Google has officially announced that Core Web Vitals will become a factor in keyword rankings for all websites, included physician and healthcare sites. This change will go into effect in May 2021.
Here’s what we know about Google Core Web Vitals and what it will mean to physician websites.
This is a somewhat long and technical post. However, this is mission-critical for physician SEO. If you want to jump ahead to the conclusion, click here.
What Are Google Core Web Vitals?
Specifically, Core Web Vitals contain three elements:
Largest Contentful Paint (LCP)
LCP is the time it takes for the main content of a webpage to load. This is content that is referred to as “above the fold.” So when you visit the homepage of a site, it’s that main section you see first.
Ideally, this load time should be faster than 2.5 seconds.
First Input Delay (FID)
FID is the measurement of time for how quickly a webpage can become interactive (i.e., you can click around). This is important because it can be a major frustration point for users who are trying to click or tap on the site, and nothing happens.
We’ve all experienced this annoyance on a website at some time, and Google is now going to factor that into keyword rankings. They don’t want to recommend a site that provides a poor patient experience.
Ideally, you want the First Input Delay to happen in less than 100ms.
Cumulative Layout Shift (CLS)
CLS has to do with the amount of layout shifting that is unexpected relative to the web page’s visual content. In other words, it’s visual stability.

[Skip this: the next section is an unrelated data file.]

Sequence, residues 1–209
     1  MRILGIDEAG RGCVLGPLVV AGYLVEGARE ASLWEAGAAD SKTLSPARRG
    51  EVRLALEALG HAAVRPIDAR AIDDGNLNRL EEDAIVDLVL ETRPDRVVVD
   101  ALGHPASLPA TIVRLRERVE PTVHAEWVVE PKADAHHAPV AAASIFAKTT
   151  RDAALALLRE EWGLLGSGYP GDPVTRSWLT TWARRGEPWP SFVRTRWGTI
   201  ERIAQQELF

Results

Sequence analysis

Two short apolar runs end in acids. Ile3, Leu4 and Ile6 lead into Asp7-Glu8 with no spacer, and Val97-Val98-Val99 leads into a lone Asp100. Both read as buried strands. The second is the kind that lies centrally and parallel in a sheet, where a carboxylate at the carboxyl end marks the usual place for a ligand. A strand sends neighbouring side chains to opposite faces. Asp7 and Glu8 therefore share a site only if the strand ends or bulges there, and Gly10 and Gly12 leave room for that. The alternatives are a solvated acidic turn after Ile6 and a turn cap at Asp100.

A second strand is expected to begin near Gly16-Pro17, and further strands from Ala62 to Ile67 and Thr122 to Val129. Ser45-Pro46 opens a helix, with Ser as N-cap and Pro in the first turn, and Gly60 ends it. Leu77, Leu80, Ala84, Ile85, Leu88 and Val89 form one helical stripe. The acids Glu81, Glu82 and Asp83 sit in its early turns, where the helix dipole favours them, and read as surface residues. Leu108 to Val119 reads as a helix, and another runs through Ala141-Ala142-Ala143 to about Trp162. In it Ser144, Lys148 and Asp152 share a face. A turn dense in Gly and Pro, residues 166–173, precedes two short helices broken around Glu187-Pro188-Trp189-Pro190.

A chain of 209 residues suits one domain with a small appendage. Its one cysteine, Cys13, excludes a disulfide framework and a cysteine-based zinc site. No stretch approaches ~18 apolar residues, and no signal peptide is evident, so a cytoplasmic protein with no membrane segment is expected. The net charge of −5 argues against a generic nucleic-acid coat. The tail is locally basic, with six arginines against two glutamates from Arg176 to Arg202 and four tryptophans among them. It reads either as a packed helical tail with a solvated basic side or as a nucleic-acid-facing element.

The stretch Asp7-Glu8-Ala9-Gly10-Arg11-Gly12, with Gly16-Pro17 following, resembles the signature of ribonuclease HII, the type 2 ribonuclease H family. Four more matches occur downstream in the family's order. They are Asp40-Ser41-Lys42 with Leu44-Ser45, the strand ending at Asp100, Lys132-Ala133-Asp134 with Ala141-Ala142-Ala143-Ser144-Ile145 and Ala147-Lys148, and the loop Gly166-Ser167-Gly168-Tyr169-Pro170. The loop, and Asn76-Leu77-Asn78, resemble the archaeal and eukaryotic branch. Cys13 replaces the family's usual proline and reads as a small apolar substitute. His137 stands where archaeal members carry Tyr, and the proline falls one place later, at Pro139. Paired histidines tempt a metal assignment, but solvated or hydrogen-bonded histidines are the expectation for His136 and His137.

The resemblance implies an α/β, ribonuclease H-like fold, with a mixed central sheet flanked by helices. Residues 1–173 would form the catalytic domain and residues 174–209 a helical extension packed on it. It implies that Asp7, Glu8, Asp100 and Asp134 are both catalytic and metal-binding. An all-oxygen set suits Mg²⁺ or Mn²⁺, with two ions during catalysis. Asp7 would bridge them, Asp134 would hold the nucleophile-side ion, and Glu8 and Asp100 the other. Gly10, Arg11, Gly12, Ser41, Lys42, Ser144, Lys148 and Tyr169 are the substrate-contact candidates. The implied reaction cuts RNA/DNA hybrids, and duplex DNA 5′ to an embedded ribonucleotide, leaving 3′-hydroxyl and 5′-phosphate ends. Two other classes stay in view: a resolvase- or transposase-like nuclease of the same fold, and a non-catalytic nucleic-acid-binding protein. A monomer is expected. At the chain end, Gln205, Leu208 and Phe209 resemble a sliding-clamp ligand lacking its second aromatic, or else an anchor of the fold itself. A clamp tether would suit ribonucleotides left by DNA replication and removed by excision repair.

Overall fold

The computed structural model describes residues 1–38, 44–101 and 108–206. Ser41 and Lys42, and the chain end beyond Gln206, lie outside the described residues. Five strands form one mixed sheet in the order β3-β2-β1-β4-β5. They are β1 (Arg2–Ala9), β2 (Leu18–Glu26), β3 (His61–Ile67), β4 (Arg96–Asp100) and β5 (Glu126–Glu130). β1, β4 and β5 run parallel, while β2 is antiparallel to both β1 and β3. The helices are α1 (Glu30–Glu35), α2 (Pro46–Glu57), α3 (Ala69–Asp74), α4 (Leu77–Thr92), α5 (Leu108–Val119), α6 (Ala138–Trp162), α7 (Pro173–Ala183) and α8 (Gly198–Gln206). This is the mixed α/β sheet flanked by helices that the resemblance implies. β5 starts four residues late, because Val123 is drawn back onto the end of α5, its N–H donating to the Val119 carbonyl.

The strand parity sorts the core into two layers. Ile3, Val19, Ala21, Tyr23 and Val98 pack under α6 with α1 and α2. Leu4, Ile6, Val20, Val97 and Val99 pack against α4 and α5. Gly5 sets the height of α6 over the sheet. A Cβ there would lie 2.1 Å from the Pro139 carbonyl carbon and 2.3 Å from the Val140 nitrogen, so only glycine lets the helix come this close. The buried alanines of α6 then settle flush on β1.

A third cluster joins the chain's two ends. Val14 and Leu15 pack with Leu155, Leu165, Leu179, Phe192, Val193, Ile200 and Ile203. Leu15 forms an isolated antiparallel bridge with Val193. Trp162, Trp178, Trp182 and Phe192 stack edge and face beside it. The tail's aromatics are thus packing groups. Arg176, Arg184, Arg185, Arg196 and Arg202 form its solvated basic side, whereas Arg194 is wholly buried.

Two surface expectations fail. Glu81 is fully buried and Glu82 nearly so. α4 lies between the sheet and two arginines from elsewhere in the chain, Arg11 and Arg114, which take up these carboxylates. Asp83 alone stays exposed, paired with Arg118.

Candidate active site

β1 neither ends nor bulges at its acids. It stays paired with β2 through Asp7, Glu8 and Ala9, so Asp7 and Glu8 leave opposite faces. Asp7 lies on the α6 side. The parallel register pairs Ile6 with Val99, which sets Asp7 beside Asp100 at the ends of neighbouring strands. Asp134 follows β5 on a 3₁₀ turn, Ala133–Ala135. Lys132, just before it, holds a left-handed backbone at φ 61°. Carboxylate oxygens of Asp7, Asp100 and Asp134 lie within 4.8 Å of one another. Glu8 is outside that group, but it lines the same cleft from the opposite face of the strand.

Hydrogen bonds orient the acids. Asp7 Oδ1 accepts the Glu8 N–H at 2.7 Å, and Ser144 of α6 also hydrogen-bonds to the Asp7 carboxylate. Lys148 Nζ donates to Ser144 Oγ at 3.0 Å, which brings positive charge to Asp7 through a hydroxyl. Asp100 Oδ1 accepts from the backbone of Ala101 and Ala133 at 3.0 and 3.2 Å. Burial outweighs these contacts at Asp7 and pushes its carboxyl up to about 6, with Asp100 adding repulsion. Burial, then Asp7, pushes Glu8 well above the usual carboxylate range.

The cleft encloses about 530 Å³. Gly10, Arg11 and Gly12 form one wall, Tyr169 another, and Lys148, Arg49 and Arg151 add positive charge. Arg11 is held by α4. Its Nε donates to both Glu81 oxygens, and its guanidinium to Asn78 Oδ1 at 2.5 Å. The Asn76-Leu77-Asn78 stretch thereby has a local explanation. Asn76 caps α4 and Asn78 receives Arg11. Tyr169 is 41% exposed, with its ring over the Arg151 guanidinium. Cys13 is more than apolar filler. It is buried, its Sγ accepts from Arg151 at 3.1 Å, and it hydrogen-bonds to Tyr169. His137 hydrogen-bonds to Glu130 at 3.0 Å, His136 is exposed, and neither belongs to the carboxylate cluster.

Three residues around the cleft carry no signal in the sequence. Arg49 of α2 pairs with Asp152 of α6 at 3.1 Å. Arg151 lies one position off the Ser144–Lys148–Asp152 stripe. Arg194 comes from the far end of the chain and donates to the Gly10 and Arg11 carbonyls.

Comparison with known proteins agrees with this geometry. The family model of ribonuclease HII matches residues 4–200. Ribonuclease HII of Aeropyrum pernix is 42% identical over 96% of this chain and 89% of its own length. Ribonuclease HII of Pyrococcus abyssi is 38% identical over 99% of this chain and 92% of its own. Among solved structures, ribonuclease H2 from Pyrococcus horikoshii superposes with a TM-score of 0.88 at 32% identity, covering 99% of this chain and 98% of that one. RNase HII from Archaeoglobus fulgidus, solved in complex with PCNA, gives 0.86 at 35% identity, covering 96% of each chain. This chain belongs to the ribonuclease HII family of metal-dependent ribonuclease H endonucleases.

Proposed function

Have you ever been on a site where you went to click or tap on a link and the page “jumps around”? As I’m sure you’ll agree, it’s incredibly annoying. Like FID issues, this too is frustrating for patients.
The CLS should be less than 0.1.
Core Web Vitals Will Combine With Other Ranking Signals
Google wants a complete picture of the overall page experience a patient will have on your site. So they will be combining Core Web Vitals with additional ranking signals, including:
You definitely want and need to have HTTPS enabled for your website as it ensures your website’s connection is secure.
Fortunately, most hosting companies, including my favorite WP Engine, provide SSL certificates that are easy to add and are included in the hosting price.
The requirement for having your personal physician website be mobile friendly is nothing new. Since more people now access websites on their mobile devices, Google uses how your site appears on mobile as a major ranking factor.
If your website doesn’t appear correctly on mobile, you’ll want to make the investment to redesign this quickly.
Google will check and assess whether or not your site has major issues such as hacked content, malware, or phishing activities. This just ensures they’re not sending patients to websites that are compromised.
This is a technical way of saying your site shouldn’t have overly intrusive content that obstructs the users from seeing the content. Think of constant popups or ads that block the screen.
This typically isn’t a problem for physician websites, but still something to keep in mind.
Very rarely does Google give an advanced warning when they are going to change their search algorithms, let alone tell us precisely what they’re going to look for.
The last time this happened was in 2015 when they went to mobile-first indexing, which was aptly named “mobilegeddon.”
The fact that Google is communicating this change, and with ample advanced warning, indicates the seriousness of the coming change.
Physicians who act now are going to have a major rankings advantage and opportunity over other physicians and even healthcare systems who don’t adjust.
This very well may be the biggest opportunity to capture competitive keyword rankings that we’ve seen.
Updating your physician website to focus on addressing the patient page experience as defined above, needs to be your priority for SEO.